Let us now build the case for unconditional election. The doctrine of unconditional election can be readily supported through biblical study, historical precedent, and theological or philosophical reasoning. The most important of these arenas to draw support for unconditional election is the Holy Bible itself.Biblical Support
The exegetical evidence in support of the doctrine of unconditional election is frankly overwhelming and decisive. To phrase it in the negative, to deny unconditional election would require jumping over a vast gauntlet of biblical hurdles. There are many passages that allude to the doctrine, assume the doctrine, suggest the doctrine; but even more significant are the many passages that directly teach the doctrine of unconditional election. It is with the most conspicuous passages that I now begin.
In addition to Ephesians 1:11 and 2 Timothy 1:9, which I have quoted above, the word of God is replete with texts that teach unconditional election. Consider the opening words of Ephesians: "he chose us in him before the foundation of the world, that we should be holy and blameless before him. In love he predestined us for adoption as sons through Jesus Christ, according to the purpose of his will, to the praise of his glorious grace" (Eph. 1:4-6a). In this passage the Apostle Paul lists election or predestination as one of the chief blessings that the Christian has in Christ. And note the basis, "according to the purpose of his will". And note the ultimate purpose, "to the praise of his glorious grace". This election is not according to any consideration of man or in response to any action of man. God is praised for the sheer graciousness of his choice.
Perhaps the linchpin text for unconditional election is Romans 9. Paul, who had just been marveling at the grace and mercy and strong love of God for his people in chapter 8, now considers the sad state of all those who don't believe. Paul laments that many of his own people, the Jews, are not being saved. He explains this sad state of affairs, not by appealing to man's free will, their choice to respond to the gospel or not. No, Paul appeals to God's purposes, his eternal plan, to the idea of unconditional election. Paul uses Jacob and Esau as an example of God's sovereign, gracious choice: "though they were not yet born and had done nothing either good or bad – in order that God's purpose of election might continue, not because of works but because of him who calls – she [Rebekah] was told, 'The older will serve the younger.' As it is written, 'Jacob I loved, but Esau I hated'" (Rom. 9:11-13). Arminian theology apparently was alive and kicking in Paul's day too, for Paul considers the very same objection that Arminians today throw at this doctrine. Question: "Is there injustice on God's part?" – answer: "By no means" (v. 14). Paul further answers the accusation that God is not just by quoting Exodus 33:19, "For he says to Moses, 'I will have mercy on whom I have mercy, and I will have compassion on whom I have compassion.' So then it depends not on human will or exertion, but on God, who has mercy" (vv. 15-16). It does not get much clearer than this. The gracious choosing of some to salvation does not depend on good works, human will, human effort, or any consideration of man at all; rather it depends upon God and his mercy alone. Election is unconditional in that it is based not on any condition in man, but exclusively on God's sovereign grace.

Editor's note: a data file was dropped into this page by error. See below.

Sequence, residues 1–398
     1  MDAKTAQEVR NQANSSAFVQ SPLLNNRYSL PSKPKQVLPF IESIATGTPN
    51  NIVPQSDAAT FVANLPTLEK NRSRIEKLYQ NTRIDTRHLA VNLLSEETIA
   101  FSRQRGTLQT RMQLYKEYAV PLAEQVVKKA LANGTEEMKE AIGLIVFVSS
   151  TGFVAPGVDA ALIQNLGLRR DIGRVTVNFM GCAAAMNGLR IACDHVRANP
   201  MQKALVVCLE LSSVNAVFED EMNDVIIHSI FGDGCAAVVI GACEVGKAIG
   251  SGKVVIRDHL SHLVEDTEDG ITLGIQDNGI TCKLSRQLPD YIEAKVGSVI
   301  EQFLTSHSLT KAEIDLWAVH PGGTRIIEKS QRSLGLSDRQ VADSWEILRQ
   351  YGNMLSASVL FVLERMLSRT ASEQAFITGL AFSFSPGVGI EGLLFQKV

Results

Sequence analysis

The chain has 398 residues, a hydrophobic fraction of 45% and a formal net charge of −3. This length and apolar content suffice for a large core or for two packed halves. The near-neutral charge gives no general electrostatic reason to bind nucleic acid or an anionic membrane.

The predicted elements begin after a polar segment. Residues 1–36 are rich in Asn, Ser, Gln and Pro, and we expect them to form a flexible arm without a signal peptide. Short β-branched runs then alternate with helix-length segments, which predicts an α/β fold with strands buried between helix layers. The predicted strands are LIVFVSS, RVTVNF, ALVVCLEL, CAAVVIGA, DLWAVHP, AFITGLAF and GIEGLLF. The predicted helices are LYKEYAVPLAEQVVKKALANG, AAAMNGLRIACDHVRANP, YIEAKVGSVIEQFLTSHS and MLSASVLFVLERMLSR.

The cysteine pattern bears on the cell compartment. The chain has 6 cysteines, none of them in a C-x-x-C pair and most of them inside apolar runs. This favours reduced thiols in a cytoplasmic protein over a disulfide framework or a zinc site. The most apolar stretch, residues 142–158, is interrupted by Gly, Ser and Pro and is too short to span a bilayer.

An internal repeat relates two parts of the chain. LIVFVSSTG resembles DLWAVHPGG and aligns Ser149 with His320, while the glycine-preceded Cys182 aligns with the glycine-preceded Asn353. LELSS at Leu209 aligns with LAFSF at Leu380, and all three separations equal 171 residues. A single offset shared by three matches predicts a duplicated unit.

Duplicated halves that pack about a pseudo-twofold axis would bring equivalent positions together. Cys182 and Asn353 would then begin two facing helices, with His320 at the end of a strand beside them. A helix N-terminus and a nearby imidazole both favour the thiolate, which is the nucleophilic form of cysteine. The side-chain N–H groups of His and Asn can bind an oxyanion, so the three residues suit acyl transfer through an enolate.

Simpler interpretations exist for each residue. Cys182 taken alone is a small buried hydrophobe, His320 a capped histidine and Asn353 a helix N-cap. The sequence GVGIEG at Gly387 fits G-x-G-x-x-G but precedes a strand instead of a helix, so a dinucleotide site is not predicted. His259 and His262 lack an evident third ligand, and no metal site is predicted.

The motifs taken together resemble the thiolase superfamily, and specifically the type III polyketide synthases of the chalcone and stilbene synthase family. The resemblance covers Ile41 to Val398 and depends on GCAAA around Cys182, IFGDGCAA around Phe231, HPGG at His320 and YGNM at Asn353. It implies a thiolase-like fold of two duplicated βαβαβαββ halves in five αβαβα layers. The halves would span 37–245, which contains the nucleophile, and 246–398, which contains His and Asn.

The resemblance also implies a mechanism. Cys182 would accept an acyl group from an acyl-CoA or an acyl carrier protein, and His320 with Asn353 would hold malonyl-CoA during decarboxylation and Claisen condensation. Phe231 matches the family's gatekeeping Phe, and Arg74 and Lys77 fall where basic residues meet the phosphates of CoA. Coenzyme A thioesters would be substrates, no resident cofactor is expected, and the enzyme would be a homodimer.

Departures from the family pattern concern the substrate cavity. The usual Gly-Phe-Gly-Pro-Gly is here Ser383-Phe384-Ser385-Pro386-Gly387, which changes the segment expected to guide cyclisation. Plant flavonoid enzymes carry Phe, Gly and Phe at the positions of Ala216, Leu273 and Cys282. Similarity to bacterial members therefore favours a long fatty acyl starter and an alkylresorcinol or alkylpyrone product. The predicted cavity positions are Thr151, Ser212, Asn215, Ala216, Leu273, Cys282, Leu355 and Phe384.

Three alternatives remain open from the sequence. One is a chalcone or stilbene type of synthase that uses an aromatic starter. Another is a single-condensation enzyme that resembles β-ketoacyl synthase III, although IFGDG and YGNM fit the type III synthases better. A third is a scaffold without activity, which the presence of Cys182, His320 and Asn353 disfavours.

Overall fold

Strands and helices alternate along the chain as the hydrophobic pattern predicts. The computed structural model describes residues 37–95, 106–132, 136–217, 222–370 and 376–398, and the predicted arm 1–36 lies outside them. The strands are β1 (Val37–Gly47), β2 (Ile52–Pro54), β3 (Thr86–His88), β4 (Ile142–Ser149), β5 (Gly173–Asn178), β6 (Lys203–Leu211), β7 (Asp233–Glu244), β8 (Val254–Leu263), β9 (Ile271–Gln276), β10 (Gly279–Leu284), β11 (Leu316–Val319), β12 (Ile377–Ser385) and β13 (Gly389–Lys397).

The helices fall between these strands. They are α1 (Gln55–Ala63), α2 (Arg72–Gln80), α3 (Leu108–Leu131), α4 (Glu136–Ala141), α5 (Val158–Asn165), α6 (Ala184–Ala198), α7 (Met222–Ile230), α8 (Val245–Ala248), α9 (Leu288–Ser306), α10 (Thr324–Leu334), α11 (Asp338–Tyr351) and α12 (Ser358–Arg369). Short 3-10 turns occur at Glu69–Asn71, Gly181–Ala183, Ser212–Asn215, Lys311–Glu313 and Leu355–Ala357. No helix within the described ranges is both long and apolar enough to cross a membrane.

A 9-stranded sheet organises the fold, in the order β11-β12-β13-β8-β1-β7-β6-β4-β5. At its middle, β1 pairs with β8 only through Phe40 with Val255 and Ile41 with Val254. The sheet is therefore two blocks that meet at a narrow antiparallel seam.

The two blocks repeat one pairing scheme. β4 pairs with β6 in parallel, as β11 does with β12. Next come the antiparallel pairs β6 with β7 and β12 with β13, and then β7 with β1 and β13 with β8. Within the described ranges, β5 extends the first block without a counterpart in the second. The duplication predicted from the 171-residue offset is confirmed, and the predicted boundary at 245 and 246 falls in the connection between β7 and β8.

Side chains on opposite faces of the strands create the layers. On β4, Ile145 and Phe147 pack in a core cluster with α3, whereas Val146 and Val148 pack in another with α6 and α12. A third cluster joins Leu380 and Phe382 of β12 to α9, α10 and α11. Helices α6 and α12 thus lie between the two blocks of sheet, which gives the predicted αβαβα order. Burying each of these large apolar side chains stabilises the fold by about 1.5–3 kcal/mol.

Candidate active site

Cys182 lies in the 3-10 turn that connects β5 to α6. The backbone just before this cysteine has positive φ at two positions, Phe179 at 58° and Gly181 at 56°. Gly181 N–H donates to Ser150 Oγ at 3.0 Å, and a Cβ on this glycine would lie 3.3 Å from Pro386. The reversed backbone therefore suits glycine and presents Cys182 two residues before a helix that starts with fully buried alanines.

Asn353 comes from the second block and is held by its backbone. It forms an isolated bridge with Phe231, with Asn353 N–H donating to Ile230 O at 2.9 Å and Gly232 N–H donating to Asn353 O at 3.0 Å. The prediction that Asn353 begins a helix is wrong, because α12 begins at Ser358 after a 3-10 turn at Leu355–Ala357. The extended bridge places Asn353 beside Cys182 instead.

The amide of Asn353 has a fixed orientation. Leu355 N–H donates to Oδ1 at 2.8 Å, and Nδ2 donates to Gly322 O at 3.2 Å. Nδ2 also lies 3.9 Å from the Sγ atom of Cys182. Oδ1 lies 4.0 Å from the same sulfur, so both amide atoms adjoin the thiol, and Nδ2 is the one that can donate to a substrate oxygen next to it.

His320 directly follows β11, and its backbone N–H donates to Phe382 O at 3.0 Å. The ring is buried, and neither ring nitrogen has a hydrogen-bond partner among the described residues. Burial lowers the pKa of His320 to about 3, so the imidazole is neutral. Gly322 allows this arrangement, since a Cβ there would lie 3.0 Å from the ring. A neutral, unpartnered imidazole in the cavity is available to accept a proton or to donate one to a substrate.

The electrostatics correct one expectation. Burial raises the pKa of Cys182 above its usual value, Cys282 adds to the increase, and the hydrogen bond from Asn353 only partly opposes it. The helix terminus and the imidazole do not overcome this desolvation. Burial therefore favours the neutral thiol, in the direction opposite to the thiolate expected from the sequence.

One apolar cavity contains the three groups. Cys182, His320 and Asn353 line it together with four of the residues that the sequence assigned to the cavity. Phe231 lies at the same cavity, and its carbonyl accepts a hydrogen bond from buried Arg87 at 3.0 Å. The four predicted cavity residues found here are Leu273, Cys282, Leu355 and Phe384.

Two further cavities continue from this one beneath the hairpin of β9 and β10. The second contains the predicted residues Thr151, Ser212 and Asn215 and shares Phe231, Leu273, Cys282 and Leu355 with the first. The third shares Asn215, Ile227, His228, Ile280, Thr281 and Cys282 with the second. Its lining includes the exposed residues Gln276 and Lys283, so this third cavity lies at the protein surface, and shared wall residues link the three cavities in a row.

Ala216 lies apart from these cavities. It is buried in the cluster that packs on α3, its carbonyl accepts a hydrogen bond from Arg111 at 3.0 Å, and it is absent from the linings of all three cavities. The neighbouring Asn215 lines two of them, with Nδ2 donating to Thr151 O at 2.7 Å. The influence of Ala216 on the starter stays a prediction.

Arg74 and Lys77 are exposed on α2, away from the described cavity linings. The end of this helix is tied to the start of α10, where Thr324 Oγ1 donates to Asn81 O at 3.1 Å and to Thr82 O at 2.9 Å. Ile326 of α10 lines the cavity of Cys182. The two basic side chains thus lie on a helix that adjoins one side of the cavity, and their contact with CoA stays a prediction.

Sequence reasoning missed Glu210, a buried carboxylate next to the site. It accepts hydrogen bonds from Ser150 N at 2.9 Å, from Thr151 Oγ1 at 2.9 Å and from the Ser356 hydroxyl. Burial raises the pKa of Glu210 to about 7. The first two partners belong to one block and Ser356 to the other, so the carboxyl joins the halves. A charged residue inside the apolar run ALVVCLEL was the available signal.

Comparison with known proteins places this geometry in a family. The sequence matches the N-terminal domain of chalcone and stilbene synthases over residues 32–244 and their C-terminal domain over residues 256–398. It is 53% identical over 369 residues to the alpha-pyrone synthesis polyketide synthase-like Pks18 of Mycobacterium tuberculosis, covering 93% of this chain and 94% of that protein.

Later in Paul's section on Israel's unbelief he quotes Isaiah, saying, "'Or who has given a gift to him that he might be repaid?' For from him and through him and to him are all things. To him be glory forever. Amen" (Rom. 11:35-36). The Apostle Paul is not simply waxing poetic here; he is dead serious. No one has ultimately given God anything. God is not indebted to any man to respond to him with any good thing. Why? Because everything comes from him and through him and is for him and to him. John Calvin commented on this passage, noting that "men are altogether indebted to the preventing goodness of God, there being nothing in them, either past or future, to conciliate his favor." Election that is based on man's future response to God is unworthy of the biblical term "election". God's election is based only on his goodness, his grace, his sovereign will. If a man is justified and saved it is not ultimately God's response to his faith, it is God's gift of sheer mercy, for even his faith is a miracle owing to God's work in him.